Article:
Strangely, neither Tanner-Smith nor the journal editors contacted us to discuss the project, ask for information, or request permission to publish the results from EcstasyData's testing. Contact information is easy to find on the site. The article mis-cited the source of the data, never mentioning EcstasyData and citing only the copy of the data published on DanceSafe.org. DanceSafe no longer hosts a copy of the lab results, but when it did it was clearly labelled with a note stating "Test results provided by EcstasyData.org" with a link to the original data.

The article also presents EcstasyData's on-site analysis of results as though it had been created and compiled by the author. Data about the number of tablets tested each year, summaries of their contents (by number of tablets and percentage of total tested tablets), number of tablets submitted by state, and a breakdown of results into three categories: "MDMA only", "non-MDMA substances only", and "a mixture of MDMA and non-MDMA substances" are all misleadingly presented in the paper as original data despite appearing on the EcstasyData Testing Statistics page in an automatically updated chart. Tanner-Smith even goes so far as to state that "this study is one of the first to analyze such a wide variety of ecstasy tablets available from across the United States over a period of six years" without ever acknowledging that the EcstasyData site itself is the source of all of the data used and contains similar analysis and results.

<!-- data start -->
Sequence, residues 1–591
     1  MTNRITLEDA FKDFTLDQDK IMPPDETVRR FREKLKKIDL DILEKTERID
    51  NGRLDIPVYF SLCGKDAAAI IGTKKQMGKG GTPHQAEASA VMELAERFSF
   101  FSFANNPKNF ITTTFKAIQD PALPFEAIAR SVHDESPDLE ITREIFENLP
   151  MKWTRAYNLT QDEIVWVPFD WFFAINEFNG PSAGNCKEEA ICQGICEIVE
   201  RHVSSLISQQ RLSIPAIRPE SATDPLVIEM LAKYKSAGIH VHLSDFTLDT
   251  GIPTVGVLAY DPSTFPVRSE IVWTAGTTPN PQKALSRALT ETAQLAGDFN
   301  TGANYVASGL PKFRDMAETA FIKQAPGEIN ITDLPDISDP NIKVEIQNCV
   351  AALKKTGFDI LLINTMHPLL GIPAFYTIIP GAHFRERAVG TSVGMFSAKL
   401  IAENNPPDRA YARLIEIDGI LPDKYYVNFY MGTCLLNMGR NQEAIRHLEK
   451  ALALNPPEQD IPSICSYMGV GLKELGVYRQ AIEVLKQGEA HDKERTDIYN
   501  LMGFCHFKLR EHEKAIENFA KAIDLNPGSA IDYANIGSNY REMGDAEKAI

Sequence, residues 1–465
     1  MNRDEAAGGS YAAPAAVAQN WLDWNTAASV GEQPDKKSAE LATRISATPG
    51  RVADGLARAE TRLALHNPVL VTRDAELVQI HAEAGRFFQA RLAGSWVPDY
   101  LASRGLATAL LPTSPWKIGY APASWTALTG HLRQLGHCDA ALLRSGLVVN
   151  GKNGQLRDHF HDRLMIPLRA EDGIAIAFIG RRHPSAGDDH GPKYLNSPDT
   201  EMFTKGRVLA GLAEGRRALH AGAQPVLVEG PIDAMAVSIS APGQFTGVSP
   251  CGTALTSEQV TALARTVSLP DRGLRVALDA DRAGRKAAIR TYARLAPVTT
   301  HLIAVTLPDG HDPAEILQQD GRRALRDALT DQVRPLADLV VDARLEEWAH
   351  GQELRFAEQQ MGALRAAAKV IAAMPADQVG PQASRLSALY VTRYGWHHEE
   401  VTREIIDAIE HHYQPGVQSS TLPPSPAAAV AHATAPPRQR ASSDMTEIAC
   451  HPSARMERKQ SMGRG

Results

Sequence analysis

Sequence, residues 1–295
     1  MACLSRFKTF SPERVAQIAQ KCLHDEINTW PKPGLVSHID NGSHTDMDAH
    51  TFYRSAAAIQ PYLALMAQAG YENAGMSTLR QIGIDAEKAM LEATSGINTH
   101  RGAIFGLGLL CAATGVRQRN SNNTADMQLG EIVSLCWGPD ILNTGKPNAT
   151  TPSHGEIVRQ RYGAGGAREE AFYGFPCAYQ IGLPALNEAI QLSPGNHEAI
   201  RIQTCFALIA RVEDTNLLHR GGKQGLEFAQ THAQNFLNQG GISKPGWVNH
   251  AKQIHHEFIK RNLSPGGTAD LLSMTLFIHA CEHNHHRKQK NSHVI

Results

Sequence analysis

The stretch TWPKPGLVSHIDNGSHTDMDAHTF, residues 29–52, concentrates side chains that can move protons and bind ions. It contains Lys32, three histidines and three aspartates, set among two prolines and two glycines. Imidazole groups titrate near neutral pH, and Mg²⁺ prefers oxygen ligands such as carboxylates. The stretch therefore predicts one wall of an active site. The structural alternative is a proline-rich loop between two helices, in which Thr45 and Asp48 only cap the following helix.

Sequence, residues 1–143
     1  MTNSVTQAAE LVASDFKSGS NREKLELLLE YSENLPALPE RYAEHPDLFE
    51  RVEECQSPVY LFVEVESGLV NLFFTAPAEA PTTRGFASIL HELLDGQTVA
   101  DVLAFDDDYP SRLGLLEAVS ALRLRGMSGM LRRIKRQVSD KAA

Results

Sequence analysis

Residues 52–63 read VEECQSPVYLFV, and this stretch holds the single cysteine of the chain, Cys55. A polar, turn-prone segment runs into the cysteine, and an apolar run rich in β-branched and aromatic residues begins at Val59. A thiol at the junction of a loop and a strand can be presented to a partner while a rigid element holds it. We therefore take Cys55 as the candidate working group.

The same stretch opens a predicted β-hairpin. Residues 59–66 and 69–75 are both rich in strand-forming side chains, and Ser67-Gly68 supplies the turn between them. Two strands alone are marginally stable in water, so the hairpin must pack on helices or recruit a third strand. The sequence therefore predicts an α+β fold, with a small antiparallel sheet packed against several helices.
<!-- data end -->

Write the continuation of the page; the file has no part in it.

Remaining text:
Tanner-Smith comments that the information is "publicly available" and therefore presumably available to use as the data for her paper without appropriate credit. While the EcstasyData project is intended to provide information to the public about the contents of street ecstasy tablets, we had also hoped to submit the results for publication at some time in the future. It was quite frustrating to have this article published without our knowledge or participation and without even crediting those who have put six years of work into collecting and publishing this data.

This article was only recently pointed out to us. We have contacted the editors of Drug and Alcohol Dependence and are currently awaiting a reply.